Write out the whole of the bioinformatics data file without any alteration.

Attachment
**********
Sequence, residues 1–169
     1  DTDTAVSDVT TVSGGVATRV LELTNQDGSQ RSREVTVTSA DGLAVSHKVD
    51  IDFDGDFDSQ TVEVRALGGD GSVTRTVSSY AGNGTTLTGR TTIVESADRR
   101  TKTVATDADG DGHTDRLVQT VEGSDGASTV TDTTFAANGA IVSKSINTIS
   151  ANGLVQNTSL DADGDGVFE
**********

Sequence, residues 1–169
     1  DTDTAVSDVT TVSGGVATRV LELTNQDGSQ RSREVTVTSA DGLAVSHKVD
    51  IDFDGDFDSQ TVEVRALGGD GSVTRTVSSY AGNGTTLTGR TTIVESADRR
   101  TKTVATDADG DGHTDRLVQT VEGSDGASTV TDTTFAANGA IVSKSINTIS
   151  ANGLVQNTSL DADGDGVFE